A year later, the young couple returns to their village with their new born baby and are very excited to be reunited with Sathar. But on their way when they asked how Sathar was doing they were told that after they ran away, Sathar was disowned, her ‘raashan’ cards were taken away from her and she had to live on the streets. On one such night, some drunk hooligans were harassing her and chasing after her. She begged her family and the village people to let her in but they didn’t. Instead her mother told her to die, at least that way it would be easier for them to marry the rest of the daughters off. Hearing that Sathar was devastated and willingly walks towards the thugs who violate and kill her mercilessly. Hearing this, Saravanan and Sahira are shocked at the heartlessness of the entire village and the misfortune they caused to Sathar. They don’t even get out of the car and just simply leave. The film ends with Saravanan going to the river side, the spot where he used to meet Sathar, and finds Sathar’s possession. He cries out and mourns the loss of his friend. 


The themes that are visible in Thangam is interfaith marriage and gender identity. The director, Sudha Kongara, sensitively brings out Sathar’s tragedy in a combination of some melodrama and the harsh truth of how trans individuals are treated not only by the society but also their families. Being treated as an outcast by all and embraced only by a few, Sathar has to erase her own desire and sexuality in order to be accepted by the society, to be treated as an equal. 

Love Panna Uttranum: In this piece, a superficially progressive politician finds himself in a challenging position when he finds out that both his twin daughters have dared to choose their own partners. Aadhilakshmi and Jothilakshmi are the daughters of a village lord. Jothilakshmi lives in the city with her friend Penelope while Aadhilakshmi lives in the village with her father. The father seems to endorse inter-caste marriages but his henchmen go about killing the couples who marry out of caste.at this point Aadhilakshmi innocently believes that her father has changed. She builds up the courage and finally reveals that she is in love with her family’s driver who is from a different caste. She confides into her sister and asks her to come to the village to meet them all. In the meantime, their father, under the advice of Narikutty, agrees to kill Aadhilakshmi and her boyfriend to maintain the honour and prestige of the family and the community. Aadhilakshmi gets electrocuted when she goes to take a bath while the driver is killed in a car accident.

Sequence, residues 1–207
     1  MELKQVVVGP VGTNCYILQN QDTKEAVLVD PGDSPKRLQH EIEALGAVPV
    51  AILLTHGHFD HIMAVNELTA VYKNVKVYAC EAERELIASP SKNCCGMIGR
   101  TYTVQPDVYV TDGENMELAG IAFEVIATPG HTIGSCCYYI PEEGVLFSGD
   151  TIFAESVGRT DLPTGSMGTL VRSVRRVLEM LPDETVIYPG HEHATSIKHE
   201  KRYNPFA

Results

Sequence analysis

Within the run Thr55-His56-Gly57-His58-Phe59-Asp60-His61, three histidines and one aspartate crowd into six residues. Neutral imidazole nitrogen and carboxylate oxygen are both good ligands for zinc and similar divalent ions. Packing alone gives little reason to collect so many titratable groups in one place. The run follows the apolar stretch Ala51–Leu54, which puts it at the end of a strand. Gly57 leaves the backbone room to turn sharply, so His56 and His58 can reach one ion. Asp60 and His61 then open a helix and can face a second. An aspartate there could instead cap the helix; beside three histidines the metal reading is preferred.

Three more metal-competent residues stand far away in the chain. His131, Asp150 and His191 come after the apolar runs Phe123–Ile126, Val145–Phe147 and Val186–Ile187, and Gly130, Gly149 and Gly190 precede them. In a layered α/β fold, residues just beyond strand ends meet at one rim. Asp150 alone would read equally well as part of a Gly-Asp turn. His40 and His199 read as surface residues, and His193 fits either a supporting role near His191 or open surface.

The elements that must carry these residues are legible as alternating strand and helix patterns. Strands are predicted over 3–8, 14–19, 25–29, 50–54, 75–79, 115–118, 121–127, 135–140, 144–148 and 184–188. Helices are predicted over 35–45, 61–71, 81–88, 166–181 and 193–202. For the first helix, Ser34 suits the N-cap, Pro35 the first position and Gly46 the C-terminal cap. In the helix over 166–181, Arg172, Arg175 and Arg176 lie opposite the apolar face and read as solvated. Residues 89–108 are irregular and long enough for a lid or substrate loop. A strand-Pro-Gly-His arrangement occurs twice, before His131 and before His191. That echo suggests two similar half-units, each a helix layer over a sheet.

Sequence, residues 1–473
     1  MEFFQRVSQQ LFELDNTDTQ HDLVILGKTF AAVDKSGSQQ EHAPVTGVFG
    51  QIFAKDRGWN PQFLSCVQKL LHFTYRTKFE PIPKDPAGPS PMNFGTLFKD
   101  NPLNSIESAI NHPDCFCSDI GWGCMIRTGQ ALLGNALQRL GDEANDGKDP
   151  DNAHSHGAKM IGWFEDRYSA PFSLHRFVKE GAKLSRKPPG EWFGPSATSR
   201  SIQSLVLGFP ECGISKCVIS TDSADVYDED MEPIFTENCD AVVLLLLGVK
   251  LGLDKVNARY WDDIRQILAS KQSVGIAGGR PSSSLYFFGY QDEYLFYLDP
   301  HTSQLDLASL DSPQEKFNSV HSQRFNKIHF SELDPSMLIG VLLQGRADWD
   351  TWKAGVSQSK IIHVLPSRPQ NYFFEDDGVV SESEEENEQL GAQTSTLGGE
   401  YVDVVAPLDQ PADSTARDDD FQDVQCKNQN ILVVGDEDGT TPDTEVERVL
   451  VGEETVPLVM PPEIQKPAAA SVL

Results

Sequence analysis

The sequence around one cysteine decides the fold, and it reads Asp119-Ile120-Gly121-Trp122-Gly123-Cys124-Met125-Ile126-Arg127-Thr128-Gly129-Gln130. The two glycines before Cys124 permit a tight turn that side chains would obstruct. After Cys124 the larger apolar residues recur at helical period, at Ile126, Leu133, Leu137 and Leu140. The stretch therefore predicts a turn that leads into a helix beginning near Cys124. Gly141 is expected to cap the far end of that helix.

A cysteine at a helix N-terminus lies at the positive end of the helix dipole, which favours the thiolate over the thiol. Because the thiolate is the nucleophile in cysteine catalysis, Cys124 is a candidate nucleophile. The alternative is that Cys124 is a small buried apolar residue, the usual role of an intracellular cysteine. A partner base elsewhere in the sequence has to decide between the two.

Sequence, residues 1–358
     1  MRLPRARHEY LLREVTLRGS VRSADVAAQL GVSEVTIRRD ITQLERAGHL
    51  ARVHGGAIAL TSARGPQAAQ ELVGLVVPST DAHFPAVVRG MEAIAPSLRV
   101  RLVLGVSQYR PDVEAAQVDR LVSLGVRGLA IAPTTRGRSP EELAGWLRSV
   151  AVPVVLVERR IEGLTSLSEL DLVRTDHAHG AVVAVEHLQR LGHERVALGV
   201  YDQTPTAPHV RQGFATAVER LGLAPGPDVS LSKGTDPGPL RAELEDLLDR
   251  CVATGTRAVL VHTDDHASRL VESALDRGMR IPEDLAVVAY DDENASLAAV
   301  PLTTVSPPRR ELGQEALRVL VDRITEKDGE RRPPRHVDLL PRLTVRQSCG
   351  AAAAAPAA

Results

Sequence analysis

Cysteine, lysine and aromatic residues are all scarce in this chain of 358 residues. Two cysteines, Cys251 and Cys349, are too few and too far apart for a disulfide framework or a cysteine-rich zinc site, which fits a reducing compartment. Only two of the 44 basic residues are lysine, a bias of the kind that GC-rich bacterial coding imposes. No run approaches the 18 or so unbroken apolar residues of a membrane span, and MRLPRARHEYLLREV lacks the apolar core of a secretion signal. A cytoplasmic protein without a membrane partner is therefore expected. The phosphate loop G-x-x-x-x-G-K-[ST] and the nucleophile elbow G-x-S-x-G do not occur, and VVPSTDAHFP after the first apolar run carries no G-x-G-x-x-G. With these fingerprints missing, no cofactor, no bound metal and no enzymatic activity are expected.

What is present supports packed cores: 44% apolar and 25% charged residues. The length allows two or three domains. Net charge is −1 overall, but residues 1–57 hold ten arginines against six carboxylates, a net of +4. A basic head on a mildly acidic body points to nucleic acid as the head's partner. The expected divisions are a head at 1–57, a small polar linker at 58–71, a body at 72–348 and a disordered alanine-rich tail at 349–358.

At this point Jothilakshmi surprises her father by coming home with her friends and they find out that Aadhilakshmi is missing. In the meantime Narikutty, a diminutive man who firmly believes that oranges and apples cannot mix together and that if Jack had gotten Rose in the film Titanic then the movie would have been a flop, gets a hold of Bharani, one of Jothilakshmi’s friends, and beats him up thinking that he is Jothilakshmi’s choice of partner. This forces Penelope to disclose that Jothilakshmi is a lesbian and that she is in a relationship with Penelope not Bharani, who is just a friend. This horrifies the father and he threatens to kill everyone if the daughter doesn’t obey him. He forces Penelope and Bharani to leave Jothilakshmi behind and leave. The death of her sister and her friends leaving depresses Jothilakshmi and she begs her father to let her go or kill her the way he had her sister killed. Both Penelope and Bharani come back to pick Jothilakshmi up and, astonishingly, her father doesn’t stop her. Penelope calls Jothilakshmi’s father and tell him that his daughter is actually in love with Bharani and that their lesbian act to escape violence. A few years later, the father, now sincerely having a change of heart, escapes the village and the caste based violence behind and moves to France to live with his daughter.